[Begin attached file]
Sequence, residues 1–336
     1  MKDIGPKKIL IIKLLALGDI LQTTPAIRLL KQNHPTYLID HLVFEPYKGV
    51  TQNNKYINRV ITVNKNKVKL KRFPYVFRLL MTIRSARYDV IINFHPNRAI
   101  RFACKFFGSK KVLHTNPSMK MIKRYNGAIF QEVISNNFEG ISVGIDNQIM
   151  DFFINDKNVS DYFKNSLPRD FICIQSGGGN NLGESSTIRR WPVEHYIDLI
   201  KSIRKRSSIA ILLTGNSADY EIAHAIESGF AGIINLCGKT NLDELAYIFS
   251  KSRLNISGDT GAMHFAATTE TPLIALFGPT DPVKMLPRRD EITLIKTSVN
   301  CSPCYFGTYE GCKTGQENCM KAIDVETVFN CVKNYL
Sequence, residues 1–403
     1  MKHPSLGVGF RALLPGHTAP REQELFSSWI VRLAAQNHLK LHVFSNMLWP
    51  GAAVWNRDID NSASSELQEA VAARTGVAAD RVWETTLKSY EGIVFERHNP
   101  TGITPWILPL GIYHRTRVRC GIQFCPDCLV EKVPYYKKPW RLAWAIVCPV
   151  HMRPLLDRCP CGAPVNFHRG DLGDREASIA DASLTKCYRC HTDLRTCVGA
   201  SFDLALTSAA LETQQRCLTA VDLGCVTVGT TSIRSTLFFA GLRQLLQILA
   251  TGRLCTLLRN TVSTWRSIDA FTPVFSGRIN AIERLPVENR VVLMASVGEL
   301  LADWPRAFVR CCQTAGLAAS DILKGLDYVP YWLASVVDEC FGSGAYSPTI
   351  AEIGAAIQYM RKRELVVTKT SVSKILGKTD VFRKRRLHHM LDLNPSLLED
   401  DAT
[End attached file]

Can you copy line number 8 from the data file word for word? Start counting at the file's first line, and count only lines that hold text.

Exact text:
   301  CSPCYFGTYE GCKTGQENCM KAIDVETVFN CVKNYL